Why Should I Read Jeff VanderMeer?

GOLLUM

Moderator
Joined
Mar 21, 2005
Messages
9,035
Location
Australia
Hi there...:D

I keep hearing abuot this author Jeff VanderMeer and how good he is from members like Knivesout and Jay but not knowing a lot about him myself I want to know what exactly it is that is so good about this guy. I know there's a thread by JP floating around somewhere on this author but please convince me why I should be reading his stuff.

What's he like in terms of prose, characterization and originality of plot and themes from the standard fantasy tropes?

Also what should I read first and is there a specific series to take note of or are the books stand-alones??

Please help as I plan to start tackling his work in 2006.
 

Brys

Well-Known Member
Joined
Jun 13, 2005
Messages
813
Why should you read him?
1) He's one of the best prose writers in fantasy - better than Mieville, roughly on a level with M John Harrison
2) He is hugely original
3) He offers something for everyone. I'd be very surprised if someone was able to read City of Saints and Madmen and not find something they really enjoyed. Vandermeer's short stories/novellas in it are hugely varied - it was hard to believe that it was the same author. He ranges from very dark, urban type fantasy to postmodern fantasy to humorous fantasy. Vandermeer also likes challenging the reader's assumptions (not just about fantasy but about fiction in general).
I'll do a brief (non-spoiler, of course) analysis of City and Saints and Madmen:
It starts with Dradin, in Love. This reminded me a lot of some of Harrison's Viriconium sequence, but in many ways it was a more cynical version of it. A lot of originality, very good prose, and while the ending wasn't unbelievably surprising, it was certainly shocking - something that you were expecting, but wish it didn't happen. Very, very good characterisation. It's some kind of mix of Harrison's Viriconium and Clark Ashton Smith - lots of horror in it, a bit of humour, lots of imagination.
Then comes A Short History of Ambergris - very humorous, but disguising a very dark history underneath the city. It's a very clever way of doing the essential worldbuilding for Ambergris. Very readable, and as Vandermeer is a postmodernist and believes all history is a fiction, you can guess his take on it.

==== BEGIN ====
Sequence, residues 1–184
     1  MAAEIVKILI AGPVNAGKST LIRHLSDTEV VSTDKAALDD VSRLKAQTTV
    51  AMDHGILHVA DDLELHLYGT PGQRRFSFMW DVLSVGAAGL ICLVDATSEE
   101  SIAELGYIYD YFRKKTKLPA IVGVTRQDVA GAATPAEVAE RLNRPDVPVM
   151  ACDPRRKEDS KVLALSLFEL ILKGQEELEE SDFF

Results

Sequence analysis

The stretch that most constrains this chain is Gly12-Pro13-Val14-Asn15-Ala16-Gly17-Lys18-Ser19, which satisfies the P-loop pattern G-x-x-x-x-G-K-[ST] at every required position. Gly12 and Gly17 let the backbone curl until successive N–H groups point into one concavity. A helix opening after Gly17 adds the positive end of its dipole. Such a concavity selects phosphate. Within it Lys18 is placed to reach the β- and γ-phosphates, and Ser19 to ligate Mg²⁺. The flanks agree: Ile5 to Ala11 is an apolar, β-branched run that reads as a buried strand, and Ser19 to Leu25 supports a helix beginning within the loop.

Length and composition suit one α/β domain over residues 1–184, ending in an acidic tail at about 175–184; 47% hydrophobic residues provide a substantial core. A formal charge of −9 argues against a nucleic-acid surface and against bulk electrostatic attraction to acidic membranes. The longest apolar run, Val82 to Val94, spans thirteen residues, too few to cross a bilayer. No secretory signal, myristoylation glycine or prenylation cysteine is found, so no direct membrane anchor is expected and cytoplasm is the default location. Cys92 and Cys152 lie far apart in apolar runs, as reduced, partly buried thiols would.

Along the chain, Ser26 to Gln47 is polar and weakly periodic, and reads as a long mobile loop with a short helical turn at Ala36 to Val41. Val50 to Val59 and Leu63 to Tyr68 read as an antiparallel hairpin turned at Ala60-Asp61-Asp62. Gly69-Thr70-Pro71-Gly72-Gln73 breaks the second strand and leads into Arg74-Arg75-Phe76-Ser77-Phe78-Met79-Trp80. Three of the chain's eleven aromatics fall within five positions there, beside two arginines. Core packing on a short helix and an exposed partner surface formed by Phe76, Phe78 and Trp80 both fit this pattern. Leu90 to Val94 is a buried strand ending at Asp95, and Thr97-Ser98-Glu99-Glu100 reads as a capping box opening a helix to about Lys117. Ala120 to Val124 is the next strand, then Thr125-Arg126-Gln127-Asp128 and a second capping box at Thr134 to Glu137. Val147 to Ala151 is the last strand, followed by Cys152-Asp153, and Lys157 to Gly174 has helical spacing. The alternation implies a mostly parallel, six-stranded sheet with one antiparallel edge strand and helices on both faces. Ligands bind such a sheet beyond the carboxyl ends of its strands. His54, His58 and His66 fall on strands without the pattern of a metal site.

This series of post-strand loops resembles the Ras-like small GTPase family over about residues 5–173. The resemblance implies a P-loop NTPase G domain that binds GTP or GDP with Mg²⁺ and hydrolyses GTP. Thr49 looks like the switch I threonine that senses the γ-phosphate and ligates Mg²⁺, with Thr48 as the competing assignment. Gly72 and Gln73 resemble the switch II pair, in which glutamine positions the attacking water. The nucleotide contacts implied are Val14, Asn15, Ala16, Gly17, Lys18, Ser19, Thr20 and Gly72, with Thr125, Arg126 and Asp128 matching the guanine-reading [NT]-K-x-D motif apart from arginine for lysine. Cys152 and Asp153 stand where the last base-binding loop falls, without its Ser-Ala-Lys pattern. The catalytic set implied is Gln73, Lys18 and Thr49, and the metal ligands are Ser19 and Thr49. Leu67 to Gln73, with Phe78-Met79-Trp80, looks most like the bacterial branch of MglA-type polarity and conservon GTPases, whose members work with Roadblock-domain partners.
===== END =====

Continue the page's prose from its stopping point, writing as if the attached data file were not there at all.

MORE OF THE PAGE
Then the Transformation of Martin Lake - a similar style to the first one, but with a new plot, new characters etc. It works very well, but not my favourite of them.
The Strange Case of X - metafiction, with an alter-ego of Vandermeer in it. A very Kafka-esque story.
King Squid - a series of essays on the Ambergris squid. Again very humorous and giving a lot of insight into the world of Ambergris. Had one of the best bibliography's I've ever seen.
Then there were a number of oddball short stories after it. I think Vandermeer's one of the geniuses in speculative fiction at the moment, perhaps just having the edge over Mieville - his prose, plot and characterisation are a bit more consistent and well done throughout. The only problem for me was the short story format, which I usually don't like, but Vandermeer's definitely one of the best at this and it worked very well.

So if you're looking for imagination, originality, excellent prose, humour, decent characterisation and a dark tone, Vandermeer's about as good as you can get. I haven't read Veniss Underground yet, but I'm looking forward to it. Basically, if you like Mieville and Harrison, you'll almost certainly like Vandermeer.
 

GOLLUM

Moderator
Joined
Mar 21, 2005
Messages
9,035
Location
Australia
Thanks for the detailed synopsis Brys. As you're probably aware I'm a big fan of Clark Ashton Smith and now highly rate Virconium plus hugely admire Mieville, so it sounds as if this guy is going to be very much on my wavelength.

I think I'll start with the City Of Saints and Madmen and post my thoughts here.
 
Top